I didn’t want to make a scene, so I brushed my teeth and put on my nightgown and Scotch-taped my spit-curls to the sides of my head and climbed over Bud and got in the middle. I was not going to let my two “vacationers” turn my bedroom into a “bridal suite” if you know what I mean.

Next morning I get up and fix them breakfast and say goodbye in the driveway, but now I am haunted by the fear that I may be losing Darren. Am I wrong to be suspicious?

Earleen Walters, Knob Noster MO
Dear Earleen:

I’m afraid I’m going to have side with Darren and Judith Marie on this one, Earleen. If we as a nation are ever going to end our dependency on foreign oil, car-pooling is a must. Don’t let your feelings for Darren get in the way of energy conservation–or we’ll all be the losers, not just you!


Dear Holiday Relationship Advisor Lady:

A few months ago a new fellow started working in our mail room, his name is Keith. I will be right up-front about this–I have a gigantic crush on him, and I think the feeling is mutual.

Keith delivers our mail every morning around 11:30, although he is actually supposed to get it done by eleven under his job satisfaction goals. He is very “social” and likes to talk to people as he makes his rounds, this slows him up–or down.

Yesterday Keith came by my cubicle and handed me an inter-office envelope, the goldenrod-colored kind with the holes in it. He was giggling when he gave it to me, and said “Here’s something for you from the guys in the supply room.” I squished it in a couple places to see if I could figure out what was inside, but I gave up after a while and unwound the string.

Holiday relationship lady, I nearly fainted when I unwrapped the white tissue paper inside and a white mouse with a red ribbon around its neck jumped out at me! I squealed but by then “Keith” was gone and Jim Ray Houchens and Ernie Bott from the supply room came out from around the corner and started laughing at me.

Needless to say, I filed a grievance with Human Resources and now Jim Ray and Ernie have named Keith as a witness. Do you know any way I can avoid dragging Keith into this mess? I don’t want to spoil my best chance at romance since that stupid fishstick Ray West dropped me for the hostess at the Round-Up Steakhouse.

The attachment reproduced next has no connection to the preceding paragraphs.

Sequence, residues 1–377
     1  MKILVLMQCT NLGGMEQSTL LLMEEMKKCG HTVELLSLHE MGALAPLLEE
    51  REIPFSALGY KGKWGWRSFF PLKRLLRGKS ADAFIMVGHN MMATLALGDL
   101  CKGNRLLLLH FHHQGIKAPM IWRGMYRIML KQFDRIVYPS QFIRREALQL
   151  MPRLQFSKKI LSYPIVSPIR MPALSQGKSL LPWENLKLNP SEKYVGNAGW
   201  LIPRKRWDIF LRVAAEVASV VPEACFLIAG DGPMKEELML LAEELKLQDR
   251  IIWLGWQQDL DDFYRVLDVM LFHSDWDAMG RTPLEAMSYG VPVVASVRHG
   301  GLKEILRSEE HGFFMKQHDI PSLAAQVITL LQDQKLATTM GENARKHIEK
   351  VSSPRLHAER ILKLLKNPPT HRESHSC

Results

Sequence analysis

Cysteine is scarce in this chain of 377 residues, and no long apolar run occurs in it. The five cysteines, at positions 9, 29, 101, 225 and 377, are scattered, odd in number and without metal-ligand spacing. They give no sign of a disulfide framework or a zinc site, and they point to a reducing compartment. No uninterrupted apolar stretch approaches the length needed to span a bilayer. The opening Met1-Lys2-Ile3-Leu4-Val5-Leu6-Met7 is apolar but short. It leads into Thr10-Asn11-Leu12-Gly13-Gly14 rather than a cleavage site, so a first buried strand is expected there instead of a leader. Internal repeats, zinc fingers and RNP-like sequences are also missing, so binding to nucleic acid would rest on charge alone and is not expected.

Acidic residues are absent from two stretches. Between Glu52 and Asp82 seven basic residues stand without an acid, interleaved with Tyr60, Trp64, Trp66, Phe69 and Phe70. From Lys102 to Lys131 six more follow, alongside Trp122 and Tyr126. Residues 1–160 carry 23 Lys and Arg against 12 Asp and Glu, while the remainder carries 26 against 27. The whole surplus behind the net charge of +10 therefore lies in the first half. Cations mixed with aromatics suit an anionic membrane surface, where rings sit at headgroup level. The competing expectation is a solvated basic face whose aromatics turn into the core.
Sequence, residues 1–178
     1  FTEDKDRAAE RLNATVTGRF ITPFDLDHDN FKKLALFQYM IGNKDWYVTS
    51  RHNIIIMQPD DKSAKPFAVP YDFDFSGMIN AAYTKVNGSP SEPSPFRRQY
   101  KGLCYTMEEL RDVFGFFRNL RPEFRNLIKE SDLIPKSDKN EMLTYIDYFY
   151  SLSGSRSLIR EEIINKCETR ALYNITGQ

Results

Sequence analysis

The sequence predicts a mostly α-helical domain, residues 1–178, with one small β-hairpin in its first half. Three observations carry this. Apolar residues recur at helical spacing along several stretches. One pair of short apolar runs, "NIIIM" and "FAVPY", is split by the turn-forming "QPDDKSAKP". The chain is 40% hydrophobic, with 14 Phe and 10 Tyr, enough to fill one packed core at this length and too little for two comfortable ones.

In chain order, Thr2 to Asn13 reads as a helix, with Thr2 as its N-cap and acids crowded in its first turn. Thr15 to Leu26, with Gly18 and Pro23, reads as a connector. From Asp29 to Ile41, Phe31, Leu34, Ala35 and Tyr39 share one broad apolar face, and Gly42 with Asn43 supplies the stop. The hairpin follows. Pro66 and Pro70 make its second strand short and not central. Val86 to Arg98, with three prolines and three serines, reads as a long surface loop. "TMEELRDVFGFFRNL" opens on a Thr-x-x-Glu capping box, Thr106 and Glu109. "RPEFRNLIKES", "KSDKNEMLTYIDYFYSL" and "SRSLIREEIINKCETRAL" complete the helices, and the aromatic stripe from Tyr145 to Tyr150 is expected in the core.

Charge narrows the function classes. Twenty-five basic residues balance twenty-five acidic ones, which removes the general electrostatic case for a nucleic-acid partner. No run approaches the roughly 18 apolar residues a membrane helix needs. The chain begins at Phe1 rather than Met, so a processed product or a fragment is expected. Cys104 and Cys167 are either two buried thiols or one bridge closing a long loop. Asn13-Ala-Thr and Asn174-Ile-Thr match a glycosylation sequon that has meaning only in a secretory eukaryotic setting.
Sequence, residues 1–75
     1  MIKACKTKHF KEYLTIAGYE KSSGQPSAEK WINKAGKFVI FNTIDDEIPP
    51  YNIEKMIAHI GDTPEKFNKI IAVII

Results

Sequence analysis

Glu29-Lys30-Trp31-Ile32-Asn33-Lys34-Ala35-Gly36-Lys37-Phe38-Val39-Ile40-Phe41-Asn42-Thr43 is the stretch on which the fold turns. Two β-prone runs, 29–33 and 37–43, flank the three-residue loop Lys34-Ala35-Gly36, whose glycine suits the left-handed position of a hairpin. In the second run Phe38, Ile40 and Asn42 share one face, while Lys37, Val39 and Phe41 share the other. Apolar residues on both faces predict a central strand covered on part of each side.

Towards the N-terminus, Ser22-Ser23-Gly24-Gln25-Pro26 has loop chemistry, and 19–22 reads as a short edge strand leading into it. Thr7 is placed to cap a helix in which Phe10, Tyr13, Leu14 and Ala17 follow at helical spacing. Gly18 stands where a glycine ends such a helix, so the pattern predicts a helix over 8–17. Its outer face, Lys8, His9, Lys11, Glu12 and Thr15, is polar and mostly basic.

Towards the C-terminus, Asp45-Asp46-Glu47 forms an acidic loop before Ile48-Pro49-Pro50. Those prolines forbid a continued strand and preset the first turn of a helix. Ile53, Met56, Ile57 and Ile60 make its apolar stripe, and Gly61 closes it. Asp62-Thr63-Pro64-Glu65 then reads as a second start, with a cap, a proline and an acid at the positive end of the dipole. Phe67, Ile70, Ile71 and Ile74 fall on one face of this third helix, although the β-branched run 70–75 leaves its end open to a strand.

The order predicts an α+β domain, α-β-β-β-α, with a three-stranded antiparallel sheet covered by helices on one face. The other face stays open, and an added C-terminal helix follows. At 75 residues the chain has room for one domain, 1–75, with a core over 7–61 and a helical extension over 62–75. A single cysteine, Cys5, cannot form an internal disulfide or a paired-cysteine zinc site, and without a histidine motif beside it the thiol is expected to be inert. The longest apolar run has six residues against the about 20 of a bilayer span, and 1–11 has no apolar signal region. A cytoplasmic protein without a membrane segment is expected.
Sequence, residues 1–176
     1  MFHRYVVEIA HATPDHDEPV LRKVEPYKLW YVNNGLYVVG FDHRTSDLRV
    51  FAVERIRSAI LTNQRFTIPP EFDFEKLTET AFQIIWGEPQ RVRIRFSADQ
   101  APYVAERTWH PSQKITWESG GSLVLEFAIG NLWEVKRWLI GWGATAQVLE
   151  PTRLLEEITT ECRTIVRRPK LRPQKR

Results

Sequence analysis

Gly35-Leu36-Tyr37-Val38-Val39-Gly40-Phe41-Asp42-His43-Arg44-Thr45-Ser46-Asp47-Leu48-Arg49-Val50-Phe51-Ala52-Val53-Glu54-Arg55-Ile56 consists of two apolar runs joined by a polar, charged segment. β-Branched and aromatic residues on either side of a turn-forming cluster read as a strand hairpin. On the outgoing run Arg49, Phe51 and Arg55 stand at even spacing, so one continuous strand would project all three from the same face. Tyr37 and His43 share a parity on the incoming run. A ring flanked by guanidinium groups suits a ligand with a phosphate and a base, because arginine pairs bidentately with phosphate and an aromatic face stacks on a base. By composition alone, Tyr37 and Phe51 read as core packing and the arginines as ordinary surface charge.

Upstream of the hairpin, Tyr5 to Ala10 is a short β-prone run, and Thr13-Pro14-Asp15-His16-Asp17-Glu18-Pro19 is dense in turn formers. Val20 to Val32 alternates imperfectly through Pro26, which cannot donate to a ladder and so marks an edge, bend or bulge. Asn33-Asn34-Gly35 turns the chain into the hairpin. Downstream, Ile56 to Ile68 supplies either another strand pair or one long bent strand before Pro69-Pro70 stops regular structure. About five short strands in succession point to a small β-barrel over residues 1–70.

Maureen Eberly, Paducah, Kentucky


Dear Maureen:

Jim Ray and Ernie have a constitutional right to a fair trial, and they did use an envelope with holes in it so the little animal could breathe. I see no way out for the “object of your affection”–perhaps you and Keith can set up a “deposition date” where you prepare for your testimony while you share a late-night dinner of take-out Chinese!


Hello Holiday Relationship Person:

I have a question for you. Last month you told “Confused in Chillicothe” that he should not give a Best Buy gift card to a woman on their first Christmas together because it was “impersonal.” I beg to differ–giving a woman a gift card lets her know exactly where she stands with you, she can see the amount you spent right on the card.  She gets to pick out whatever she wants and doesn’t have to waste time returning something she doesn’t like. She also doesn’t have to lie to you when you go over to her apartment and say “Hey, where’d you put that tiger print I gave you for Christmas?”

I don’t know where you get off trying to run people’s lives. Maybe that’s good advice in the “ivory tower” where you live, but not for regular folks down here on the ground.

Clint Weller, Jr., Stillwater OK


Dear Clint:

I certainly didn’t mean to offend you or “Confused in Chillicothe.” All I meant to convey is that women appreciate it when a man puts a little thought into a gift, instead of just plunking down his credit card at the check-out counter of a soulless, big-box retailer. If you have had success with pre-paid gift cards by all means continue to give them to your girlfriends. Or you might just use cash, and get yourself a real hooker.

Available in Kindle format on as part of the collection “Take My Advice–I Wasn’t Using it Anyway.”